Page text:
Negative Splits

Yesterday's run was one that I'd love to bottle up and save forever.  The sky threatened rain as I headed out, but no rain fell until hours after my run, and the cloud cover made for a cooler run.  My legs felt powerful, my core was strong, my heart and lungs clicked along without any protest.  I ran several of the hills in my neighborhood, which have sometimes loomed large in the past.  Yesterday, they were easy as pie.  It was a run where I felt like I could go forever feeling free, energized, and strong.

When I set out, I had no firm plans.  I wanted to run 5 or 6 miles, and I hoped to achieve negative splits.  I felt good about my negative split goal through mile 4.  When I realized I had run that one in 9:24, however, I wasn't sure that I could continue to speed up for 2 more miles.  I thought I'd be lucky to just hang on to that pace.  Mile 5 felt surprisingly easy (another 9:24), and I glanced at my watch as I began mile 6.  It read 8:03AM, or 3 minutes past the hour I'd promised my husband I'd be home.  Not only did I need to beat a 9:24 mile to continue my negative splits, but I also had to book it in order to relieve my husband of kid duties.  I cranked it up, finishing out the run with an 8:41 mile.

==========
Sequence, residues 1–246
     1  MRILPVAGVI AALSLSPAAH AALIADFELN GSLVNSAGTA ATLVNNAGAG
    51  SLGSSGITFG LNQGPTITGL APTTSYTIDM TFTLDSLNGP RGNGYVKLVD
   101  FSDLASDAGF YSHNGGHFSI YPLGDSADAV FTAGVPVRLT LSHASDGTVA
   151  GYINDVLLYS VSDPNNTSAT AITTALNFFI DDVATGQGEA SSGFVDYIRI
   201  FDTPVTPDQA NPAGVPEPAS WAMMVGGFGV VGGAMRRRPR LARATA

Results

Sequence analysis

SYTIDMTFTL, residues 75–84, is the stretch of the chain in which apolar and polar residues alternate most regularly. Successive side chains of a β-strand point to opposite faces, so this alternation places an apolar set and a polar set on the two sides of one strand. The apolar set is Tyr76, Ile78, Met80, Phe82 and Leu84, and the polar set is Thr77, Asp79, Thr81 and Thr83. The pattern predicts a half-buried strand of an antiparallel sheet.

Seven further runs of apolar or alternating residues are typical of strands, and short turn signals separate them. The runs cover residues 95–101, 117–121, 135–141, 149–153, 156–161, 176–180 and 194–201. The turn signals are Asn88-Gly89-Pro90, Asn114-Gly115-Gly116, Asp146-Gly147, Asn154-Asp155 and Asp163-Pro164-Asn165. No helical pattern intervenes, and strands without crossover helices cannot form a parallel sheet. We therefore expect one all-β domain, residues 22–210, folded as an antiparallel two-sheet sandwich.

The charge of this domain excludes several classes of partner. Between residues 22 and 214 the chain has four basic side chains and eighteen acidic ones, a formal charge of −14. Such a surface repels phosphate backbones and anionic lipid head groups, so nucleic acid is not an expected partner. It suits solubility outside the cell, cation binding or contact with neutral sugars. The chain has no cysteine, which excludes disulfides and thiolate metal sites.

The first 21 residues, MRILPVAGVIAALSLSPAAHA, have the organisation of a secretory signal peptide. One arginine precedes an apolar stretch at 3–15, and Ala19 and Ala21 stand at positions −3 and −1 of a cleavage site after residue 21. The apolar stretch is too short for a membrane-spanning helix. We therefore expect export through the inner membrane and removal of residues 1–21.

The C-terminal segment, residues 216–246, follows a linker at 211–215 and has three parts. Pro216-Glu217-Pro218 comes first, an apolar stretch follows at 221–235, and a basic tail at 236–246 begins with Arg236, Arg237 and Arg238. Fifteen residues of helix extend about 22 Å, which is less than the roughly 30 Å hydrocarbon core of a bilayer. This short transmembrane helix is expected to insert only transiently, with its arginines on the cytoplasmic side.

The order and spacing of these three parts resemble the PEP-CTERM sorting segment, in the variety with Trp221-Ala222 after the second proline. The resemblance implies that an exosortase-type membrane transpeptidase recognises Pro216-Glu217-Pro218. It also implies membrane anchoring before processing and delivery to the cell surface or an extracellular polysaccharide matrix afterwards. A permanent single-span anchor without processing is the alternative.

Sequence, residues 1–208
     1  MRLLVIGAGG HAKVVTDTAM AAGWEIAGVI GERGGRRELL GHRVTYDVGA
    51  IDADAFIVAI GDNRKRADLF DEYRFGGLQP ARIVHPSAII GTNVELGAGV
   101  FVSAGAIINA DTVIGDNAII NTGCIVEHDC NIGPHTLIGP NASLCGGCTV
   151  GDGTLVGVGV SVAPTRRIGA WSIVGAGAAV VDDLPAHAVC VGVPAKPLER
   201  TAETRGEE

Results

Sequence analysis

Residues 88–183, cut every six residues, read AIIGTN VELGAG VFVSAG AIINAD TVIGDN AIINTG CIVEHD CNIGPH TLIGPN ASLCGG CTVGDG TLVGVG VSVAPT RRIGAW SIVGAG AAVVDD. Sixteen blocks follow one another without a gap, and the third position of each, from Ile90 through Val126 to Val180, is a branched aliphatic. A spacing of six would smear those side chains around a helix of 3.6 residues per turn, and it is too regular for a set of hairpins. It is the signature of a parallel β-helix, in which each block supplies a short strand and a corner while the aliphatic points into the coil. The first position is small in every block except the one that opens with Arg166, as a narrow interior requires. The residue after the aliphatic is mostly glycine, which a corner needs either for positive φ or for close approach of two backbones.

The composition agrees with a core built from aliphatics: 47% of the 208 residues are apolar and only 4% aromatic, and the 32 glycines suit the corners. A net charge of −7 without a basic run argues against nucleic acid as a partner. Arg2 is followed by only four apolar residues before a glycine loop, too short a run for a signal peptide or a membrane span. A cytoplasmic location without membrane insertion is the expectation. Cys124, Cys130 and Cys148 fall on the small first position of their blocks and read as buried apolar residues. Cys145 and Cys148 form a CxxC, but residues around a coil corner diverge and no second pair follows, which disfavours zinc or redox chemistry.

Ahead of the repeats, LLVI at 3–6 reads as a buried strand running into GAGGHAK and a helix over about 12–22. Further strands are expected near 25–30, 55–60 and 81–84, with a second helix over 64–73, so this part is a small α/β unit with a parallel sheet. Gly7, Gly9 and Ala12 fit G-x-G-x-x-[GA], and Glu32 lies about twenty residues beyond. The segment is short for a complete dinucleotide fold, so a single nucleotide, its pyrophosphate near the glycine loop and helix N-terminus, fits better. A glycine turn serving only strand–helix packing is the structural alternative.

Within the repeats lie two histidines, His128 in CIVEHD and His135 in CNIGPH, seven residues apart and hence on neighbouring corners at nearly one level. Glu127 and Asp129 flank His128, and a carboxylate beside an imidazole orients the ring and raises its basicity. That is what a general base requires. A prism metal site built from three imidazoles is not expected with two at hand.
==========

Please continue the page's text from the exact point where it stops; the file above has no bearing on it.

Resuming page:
A work of art that only a runner would appreciate: perfect negative splits :)
Elated doesn't even begin to describe how I felt at the end of this run.  This was my longest run since I admitted that I was injured in early April.  Running 6 miles, feeling strong and healthy throughout, left me with an incredible sense of accomplishment.  As I stood in my kitchen, stretching my quads as my kids filled me in on their morning, I felt invincible and ready to conquer the world.  It's a feeling I need to commit to memory so I can draw on it in the future when running - or life - feels like too much to handle.  The struggles will always come, but if I can remember this incredible feeling of triumph, I will survive the low points and return to victory.

Friday, June 6, 2014

Skirt Bliss